If you’re planning to travel to the wonderful country of Thailand, you’ll need to leave your vape at home. They’re illegal in the country.
The penalties for anyone caught with a vape in Thailand, even for personal use, range from fines to imprisonment.
Are E-Cigs Banned in Thailand?
Although some airports allow travelers to carry e-cigarettes in their hand luggage, vaping in Thailand is prohibited.
The vaping ban went into effect in 2014 with legislators citing public health reasons and the concern that vaping lures young people into underage smoking.
There are different laws aimed at the practice, one of which prohibits the importation, exportation, trade, and possession of any vaping equipment in the country.
Moreover, Thai law controls goods that do not have taxes levied on them and vapor products fall into this category by default.
What Happens If You Get Caught Vaping in Thailand?
Anyone who gets caught using vape pens or similar devices along with any of the various supplies accompanying them faces serious punishment, including:
- A fine that could be as high as several times the value of the illegal items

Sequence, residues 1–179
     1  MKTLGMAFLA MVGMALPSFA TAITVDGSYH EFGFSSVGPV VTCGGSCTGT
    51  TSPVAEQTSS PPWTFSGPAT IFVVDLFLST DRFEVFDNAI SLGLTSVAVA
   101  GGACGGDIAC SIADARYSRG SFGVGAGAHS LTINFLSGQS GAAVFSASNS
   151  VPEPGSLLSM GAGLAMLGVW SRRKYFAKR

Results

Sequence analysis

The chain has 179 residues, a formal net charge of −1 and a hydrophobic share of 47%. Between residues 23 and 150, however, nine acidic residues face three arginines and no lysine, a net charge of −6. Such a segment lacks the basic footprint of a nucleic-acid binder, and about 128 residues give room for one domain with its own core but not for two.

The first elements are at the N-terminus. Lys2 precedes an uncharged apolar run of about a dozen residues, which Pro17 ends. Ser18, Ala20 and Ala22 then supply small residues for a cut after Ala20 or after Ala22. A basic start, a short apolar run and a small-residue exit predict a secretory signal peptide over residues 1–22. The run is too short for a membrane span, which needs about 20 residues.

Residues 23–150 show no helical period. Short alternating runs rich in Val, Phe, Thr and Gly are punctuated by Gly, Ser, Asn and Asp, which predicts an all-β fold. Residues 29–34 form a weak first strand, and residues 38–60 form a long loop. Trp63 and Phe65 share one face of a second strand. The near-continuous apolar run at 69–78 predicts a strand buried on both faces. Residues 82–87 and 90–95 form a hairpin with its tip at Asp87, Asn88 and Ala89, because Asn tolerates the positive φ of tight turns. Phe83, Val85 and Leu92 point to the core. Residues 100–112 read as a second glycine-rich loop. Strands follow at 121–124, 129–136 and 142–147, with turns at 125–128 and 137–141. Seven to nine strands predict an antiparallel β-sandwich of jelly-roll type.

- An on-the-spot fine of 30,000 baht (about US$895.50)
- A jail sentence of up to ten years
Regardless of which penalty is issued, the arrestee’s vaping equipment will be confiscated by a police officer, as is the case for possession of anything else that isn’t legal in Thailand.
Tour operators as well as the tourism authority of Thailand issue travel advisories to tourists visiting the country which state not to carry any e-cigarettes or other items associated with vapes, including their corresponding e-liquids and juice refills.
Countries whose citizens frequently visit Thailand also issue their own warnings, such as the one from the United Kingdom’s Foreign and Commonwealth Office website which that states:
“You can’t bring vaporizers (like e-cigarettes and e-baraku) or refills into Thailand. These items are likely to be confiscated and you could pay a fine or serve a jail sentence for up to 10 years if convicted. The sale or supply of e-cigarettes and similar devices is also banned and you could face a heavy fine or up to 5 years’ imprisonment if found guilty.”